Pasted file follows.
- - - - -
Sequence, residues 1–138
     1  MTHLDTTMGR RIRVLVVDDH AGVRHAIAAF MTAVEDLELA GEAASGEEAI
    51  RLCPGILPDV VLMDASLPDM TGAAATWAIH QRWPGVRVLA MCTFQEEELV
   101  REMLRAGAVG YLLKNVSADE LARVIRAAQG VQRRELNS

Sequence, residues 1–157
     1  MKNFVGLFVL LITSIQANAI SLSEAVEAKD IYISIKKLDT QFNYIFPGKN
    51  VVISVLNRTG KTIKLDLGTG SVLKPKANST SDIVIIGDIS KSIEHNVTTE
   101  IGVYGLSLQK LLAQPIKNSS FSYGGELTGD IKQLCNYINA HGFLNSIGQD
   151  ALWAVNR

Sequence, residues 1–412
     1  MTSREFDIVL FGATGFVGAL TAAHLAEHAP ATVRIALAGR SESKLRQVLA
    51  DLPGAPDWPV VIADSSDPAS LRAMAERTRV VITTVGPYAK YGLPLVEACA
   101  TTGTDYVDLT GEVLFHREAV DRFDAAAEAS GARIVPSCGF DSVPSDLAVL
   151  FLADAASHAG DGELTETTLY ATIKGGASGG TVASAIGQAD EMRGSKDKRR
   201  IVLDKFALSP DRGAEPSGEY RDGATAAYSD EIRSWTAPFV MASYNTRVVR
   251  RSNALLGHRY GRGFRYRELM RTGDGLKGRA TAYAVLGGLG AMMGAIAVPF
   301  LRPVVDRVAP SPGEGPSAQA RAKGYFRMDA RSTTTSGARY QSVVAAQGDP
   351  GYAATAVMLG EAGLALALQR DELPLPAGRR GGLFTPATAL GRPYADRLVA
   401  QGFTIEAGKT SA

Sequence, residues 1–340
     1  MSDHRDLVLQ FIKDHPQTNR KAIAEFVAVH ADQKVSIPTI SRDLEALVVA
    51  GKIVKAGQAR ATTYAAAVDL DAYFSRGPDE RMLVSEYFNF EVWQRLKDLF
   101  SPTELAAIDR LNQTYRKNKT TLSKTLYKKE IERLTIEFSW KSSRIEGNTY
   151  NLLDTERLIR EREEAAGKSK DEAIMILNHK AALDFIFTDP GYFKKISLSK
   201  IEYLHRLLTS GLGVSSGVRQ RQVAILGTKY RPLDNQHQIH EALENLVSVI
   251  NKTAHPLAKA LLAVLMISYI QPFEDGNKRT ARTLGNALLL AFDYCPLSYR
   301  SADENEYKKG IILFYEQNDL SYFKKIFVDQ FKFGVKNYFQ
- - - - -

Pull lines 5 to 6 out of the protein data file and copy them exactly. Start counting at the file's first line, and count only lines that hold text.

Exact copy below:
Sequence, residues 1–157
     1  MKNFVGLFVL LITSIQANAI SLSEAVEAKD IYISIKKLDT QFNYIFPGKN